• cohablawyer says

      @Lee – A cohabitation agreement must be signed by the party entering into the agreement, otherwise it is not valid.

      Another requirement is that the agreement is also signed by a witness, in part so that this sort of thing does not happen. If there is no witness, the agreement is not valid. If there is a witness, you will want to check what the witness has to say about your signature.

  17. Great article! – few questions:

    Original Oral cohab agreement was made a 10 few years ago; he wanted me to relocate to new place for his job opportunity, which meant I had to quit my job and move to a new place that didn’t recognize my job license, so also had to change careers; thus he said he’d support me during that interim. We moved I started new job, then we got pregnant, we have 3 kids. I’ve quit my career to raise our kids and to support him as he furthers his career and financially provides for us all. Since having kids we’ve made a new oral cohab agreement and we’d like to put it into writing…

    In event of separation, we have agreed to:
    1) equal division of all assets & debt.

    2) he has promised, in event of separation, to pay 50% of his net income to me and the children for 10 years, followed by 8 years at 18% of net income for additional 6 years, (total 216 months). Is there a law against using percentages rather than flat rate?
    *there’s a few options to reduce %: if I marry, or make my own income, or to impute minimum wage on me after all kids are in school;
    *he is commission income with no base salary, that’s why we’ve chosen us use %’s rather than flat, so we’re on same footing.

    3) I have agreed not to seek child support so long as he’s current on payments; and in the Cohab Agreement, I state that “I’ll pay for my share of children’s expenses through the support payments from him; we REALLY want to keep our family business out of courts; I don’t explicitly “waive right to child support”, because I don’t know if that is unlawful and I don’t want to make the contract voidable by “waiving” my right to child support, I don’t explicitly “waive right to child support” in the agreement.

    4) The support payments are essentially a combination of support-types: palimony, compensation for my own income loss, loss of career advancement, loss of years to contribute to my retirement, and support for children, is it proper to refer to it as palimony in the agreement or support?

    5) What is proper “consideration” for Cohab agreement? Is it “cohabtition “or “mutual promises”, or “quit job to provide homemaker services for future compensation” or something else consideration?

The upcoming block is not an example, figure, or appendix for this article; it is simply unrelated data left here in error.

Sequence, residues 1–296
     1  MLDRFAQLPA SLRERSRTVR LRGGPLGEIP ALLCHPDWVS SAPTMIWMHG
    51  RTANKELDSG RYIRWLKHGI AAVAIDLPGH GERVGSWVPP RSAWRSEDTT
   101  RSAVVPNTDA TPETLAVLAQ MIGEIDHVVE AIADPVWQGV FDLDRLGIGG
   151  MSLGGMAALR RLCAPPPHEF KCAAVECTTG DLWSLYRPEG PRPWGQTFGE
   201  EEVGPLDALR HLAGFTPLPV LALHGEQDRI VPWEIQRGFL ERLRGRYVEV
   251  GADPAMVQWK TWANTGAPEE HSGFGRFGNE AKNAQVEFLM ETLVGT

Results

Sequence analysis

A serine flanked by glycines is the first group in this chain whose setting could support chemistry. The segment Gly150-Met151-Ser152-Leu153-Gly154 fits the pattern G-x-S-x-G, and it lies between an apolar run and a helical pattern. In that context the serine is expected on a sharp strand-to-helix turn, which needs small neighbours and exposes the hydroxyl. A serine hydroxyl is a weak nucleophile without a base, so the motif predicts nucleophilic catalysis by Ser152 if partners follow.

6) Do we make a retroactive effective date, since we’ve relied on these oral promises for the many years, or use effective date of signing written version?

    7) Is this a Cohab or Non-marital agreement?

    Thanks so much, I find your articles fascinating and well written, so THANK YOU!

    • cohablawyer says

      @delia – Please note that there is no such thing as an “oral” cohabitation agreement. The Family Law Act requires a cohabitation agreement to be in writing.

      1. That’s fine.

      2. Letting spousal support be a percent of the payor’s income is an approach that is alright to use.

      3. Regarding child support, a court generally will not enforce anything you put in a cohabitation agreement about it. Even if you do not explicitly waive child support in your agreement, you would still have the right to apply for it if your relationship ends, and that would be on top of any support payable under the agreement.

      That being said, you could set out a formula in your cohabitation agreement that takes into account child support. So, for instance, instead of spousal support being 50% of net income, it could be 50% of net income less child support.

      4. “Palimony” is an American term, and does not have any meaning under Ontario law. The term you are looking for is spousal support.

      5. The consideration in a cohabitation agreement is the mutual promises that the parties give each other.

      6. A cohabitation agreement is effective on the date that the last party has signed it. I do not see anything in your agreement that would need to be made retroactive.